Outpatient use of advanced diagnostic-imaging tests such as MRIs declined in 2013 after earlier increases, with the exception of ultrasound tests, which continued to climb, a new study led by Boston University School of Public Health (BUSPH) researchers shows.
The study in the Journal of the American College of Radiology found that the trend of increasing use of such imaging “seems to be over for some, but not all, imaging modalities” among privately insured patients. Outpatient utilization of CT scans and PET scans decreased between 2011 and 2013, while use of MRIs fell off in 2013 after climbing from 2010 to 2012.
In contrast, a rise in obstetric ultrasound procedures was largely responsible for what the authors called a “striking, consistent rise” in outpatient ultrasound use between 2011 and 2013.
The research team, using a national sample of more than 35 million health insurance beneficiaries, said the average adjusted payments per procedure for all four types of testing dropped in 2013, after rising in 2012. New competitive pressures from the early introduction of health insurance exchanges, as well as an “expanding share of consumer-directed and high-deductible health plans in the market” may have contributed to the drop in prices, the authors said.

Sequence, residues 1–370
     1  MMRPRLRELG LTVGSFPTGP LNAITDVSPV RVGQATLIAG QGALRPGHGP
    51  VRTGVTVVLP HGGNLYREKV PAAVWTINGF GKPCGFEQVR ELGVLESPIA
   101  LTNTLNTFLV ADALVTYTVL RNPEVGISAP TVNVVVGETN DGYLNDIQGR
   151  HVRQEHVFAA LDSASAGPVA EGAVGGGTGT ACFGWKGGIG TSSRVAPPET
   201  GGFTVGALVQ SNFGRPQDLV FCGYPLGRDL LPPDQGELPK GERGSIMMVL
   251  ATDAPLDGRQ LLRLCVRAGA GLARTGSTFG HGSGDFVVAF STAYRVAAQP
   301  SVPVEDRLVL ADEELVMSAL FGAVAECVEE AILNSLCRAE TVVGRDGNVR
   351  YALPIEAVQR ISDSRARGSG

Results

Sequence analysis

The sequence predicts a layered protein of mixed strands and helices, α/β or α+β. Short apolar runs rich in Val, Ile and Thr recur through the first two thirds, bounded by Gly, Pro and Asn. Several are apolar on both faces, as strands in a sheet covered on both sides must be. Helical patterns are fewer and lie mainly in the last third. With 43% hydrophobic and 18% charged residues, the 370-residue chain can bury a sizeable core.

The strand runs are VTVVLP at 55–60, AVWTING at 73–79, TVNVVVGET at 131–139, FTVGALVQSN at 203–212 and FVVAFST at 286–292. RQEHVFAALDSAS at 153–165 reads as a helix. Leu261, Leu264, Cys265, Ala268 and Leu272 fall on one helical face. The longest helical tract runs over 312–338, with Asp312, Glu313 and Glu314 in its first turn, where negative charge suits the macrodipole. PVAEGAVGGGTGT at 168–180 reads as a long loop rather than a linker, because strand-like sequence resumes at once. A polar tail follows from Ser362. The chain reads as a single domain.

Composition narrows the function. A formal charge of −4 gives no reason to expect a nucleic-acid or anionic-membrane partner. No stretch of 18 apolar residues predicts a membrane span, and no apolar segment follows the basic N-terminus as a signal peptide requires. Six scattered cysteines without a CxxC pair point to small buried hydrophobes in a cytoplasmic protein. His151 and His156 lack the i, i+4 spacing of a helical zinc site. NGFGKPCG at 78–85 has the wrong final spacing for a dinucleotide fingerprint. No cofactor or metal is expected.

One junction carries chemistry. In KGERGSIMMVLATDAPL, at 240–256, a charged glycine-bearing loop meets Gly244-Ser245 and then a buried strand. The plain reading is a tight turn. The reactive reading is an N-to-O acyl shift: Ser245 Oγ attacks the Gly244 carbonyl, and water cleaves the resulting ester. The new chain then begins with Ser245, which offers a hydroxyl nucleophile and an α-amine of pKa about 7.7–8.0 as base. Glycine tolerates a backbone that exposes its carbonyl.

“When patients pay a greater portion of medical care costs out of their own pockets, they are more likely to shop for more affordable options, or even change their mind about undergoing the imaging procedure, which would explain the drop in utilization of the more expensive imaging modalities, such as CT, MRI, and PET,” they said.
To read more about the study, go to: http://www.bu.edu/sph/2015/12/07/use-of-diagnostic-imaging-falls-off-with-exception-of-ultrasound/